Most tombstones just list dates or years of birth and death, and the simple dash is the indication of what they are. Those that do use words usually preface the death date with the straightforward word “died,” with “departed this life” a distant second for 19th and early 20th century tombstones. But the ones I find more intriguing and never fail to photograph are the ones who use some more obscure, usually poetic phrasing. These frequently reveal something about the beliefs of the person who commissioned the headstone. In the case of James Eddy, his death in 1887 was described by his remaining family as “passed to spirit life.”
- Angels Cemeteries Cemetery dwellers (flora and fauna) Cemetery mysteries Cemetery Sculpture Crosses Dead Men Do Tell Tales Graveless memorials Haunted memorials In the church... Lambs Morbid Musings On Cemetery Photography Somewhere other than a cemetery State of the Blog Statues Symbolism Tales OF the Crypt (book/media commentary) Uncategorized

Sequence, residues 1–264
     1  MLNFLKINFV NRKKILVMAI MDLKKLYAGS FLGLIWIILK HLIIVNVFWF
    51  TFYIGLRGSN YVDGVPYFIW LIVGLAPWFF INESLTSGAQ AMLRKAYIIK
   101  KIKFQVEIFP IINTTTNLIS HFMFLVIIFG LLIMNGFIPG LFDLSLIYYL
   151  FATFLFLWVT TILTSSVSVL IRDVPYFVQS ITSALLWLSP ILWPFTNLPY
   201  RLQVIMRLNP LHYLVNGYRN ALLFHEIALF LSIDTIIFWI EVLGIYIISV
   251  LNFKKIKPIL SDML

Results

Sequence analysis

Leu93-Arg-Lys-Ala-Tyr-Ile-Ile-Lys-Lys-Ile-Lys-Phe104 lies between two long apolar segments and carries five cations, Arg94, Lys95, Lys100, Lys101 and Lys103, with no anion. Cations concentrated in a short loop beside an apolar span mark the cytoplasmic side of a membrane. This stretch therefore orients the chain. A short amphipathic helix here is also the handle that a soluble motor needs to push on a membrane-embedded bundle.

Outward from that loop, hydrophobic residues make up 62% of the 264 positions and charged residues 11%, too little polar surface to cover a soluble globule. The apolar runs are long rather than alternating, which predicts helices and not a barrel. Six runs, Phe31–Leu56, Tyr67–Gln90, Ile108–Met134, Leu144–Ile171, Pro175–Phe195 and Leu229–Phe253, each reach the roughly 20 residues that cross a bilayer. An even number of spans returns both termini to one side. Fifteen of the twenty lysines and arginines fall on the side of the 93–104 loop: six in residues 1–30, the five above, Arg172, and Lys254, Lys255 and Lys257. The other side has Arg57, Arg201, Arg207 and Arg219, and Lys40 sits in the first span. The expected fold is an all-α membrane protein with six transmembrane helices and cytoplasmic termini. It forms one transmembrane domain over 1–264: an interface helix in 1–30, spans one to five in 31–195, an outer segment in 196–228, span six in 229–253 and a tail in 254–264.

Tagsangel buffalo calvary cemetery carlisle cause of death celtic crosses cenotaphs chicago child children cincinnati civil war cleveland cleveland history Crosses east cleveland township cemetery epitaphs erie street cemetery euclid forest lawn cemetery gettysburg grave art history illinois ireland lakeview cemetery links names new york occupation ohio old carlisle cemetery old carlisle graveyard pennsylvania sculpture soldier spring grove cemetery statues symbolism tombstone tales unsolved veteran woodland cemetery wordless wednesday world war ii
A Grave Concern by Ashley D. Smith is licensed under a Creative Commons Attribution-Noncommercial-No Derivative Works 3.0 United States License.